Mom Residency Highlights Self-Taught Multidisciplinary Artist Jillian M Rock

Artist Jillian M Rock

Introducing MOM’s most recent artist in residence, multidisciplinary artist Jillian M Rock.

In her work, Jillian M Rock utilizes print in various forms to archive narratives centered in Blackness. Through collage, risograph prints and accompanying narrative, her work is meant to amplify the everyday to dismantle stereotypes of Blackness.

As previously mentioned in our social media platforms, Rock is the owner of Rock Press, a Black woman run printing press aimed at amplifying access to the creation and dissemination of artists’ books and printed matter. Rock is also a teaching artist, an active member of the LAND Collective, on faculty at Studio Montclair and serves on the Board of Directors for the Newark Print Shop. She was in the 2020 Cohort of Feminist in Residence, at Project for Empty Space (PES). In speaking with Rock, her passion for her work in art education and her drive to enlighten her community clearly shine through all she does. Her passion for her work and unique perspective offer valuable insights each of us can learn about ourselves, and how we both live in and affect  the world around us.  This post-residency highlight aims to further  allow us to learn more about her work during her residency, as well as her personal thoughts throughout her stay while designing her project.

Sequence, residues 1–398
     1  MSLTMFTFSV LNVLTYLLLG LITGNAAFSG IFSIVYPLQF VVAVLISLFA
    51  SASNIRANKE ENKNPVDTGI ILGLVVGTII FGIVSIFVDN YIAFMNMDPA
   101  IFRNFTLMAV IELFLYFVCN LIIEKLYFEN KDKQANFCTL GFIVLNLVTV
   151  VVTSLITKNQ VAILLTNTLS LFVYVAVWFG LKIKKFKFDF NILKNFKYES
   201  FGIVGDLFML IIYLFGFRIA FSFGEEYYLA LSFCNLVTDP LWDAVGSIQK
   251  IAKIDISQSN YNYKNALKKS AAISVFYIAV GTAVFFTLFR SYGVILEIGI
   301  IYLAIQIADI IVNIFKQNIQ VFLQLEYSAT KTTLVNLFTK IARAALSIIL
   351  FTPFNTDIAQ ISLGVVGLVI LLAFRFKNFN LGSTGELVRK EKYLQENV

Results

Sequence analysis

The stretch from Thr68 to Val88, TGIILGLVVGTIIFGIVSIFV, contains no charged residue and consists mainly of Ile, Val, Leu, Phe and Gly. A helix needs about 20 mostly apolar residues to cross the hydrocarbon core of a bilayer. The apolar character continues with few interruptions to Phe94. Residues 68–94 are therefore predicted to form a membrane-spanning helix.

When deciding to have her residency at the M.O.M. Art Annex, she wanted to work on her ongoing publication and audiovisual series  “When A Rock Rest,” which  highlights the significance of rest as a radical act of self-love and joy. Through photo documentation of life during the residency, as well as accompanying text, she wanted to develop a narrative art/photo book, consisting of collages aimed at dismantling stereotypes of the angry Black woman, and instead highlight how Black women, specifically Black mothers, fall further into their softness with rest, reflection, and recalibration. She signified it is a biographical journey of womanhood, motherhood and an ode to her last name, Rock. However, upon arrival at the annex, and taking in how much work the museum had on its walls, she changed her initial desires from wanting to create a larger framed collage to a piece she felt could best  live in the museum. This led her to the idea of creating a booklet. Ultimately, she felt a booklet was “something small enough to be tucked in or displayed separately,” allowing her individual work to be showcased in multiple ways, while still allowing the space to serve as an environment from which future  artists can both live and create without outside influence from previous works.

Finished Booklet Piece “Mama, All Roads Lead to You” an 11×17, 3 layer risograph print of a digital collage of photographs taken during Rock’s stay in the MOM Art annex for their archive collection. Printed at Print St.Pete. Piece contains the author’s poem, which can be found in full text below.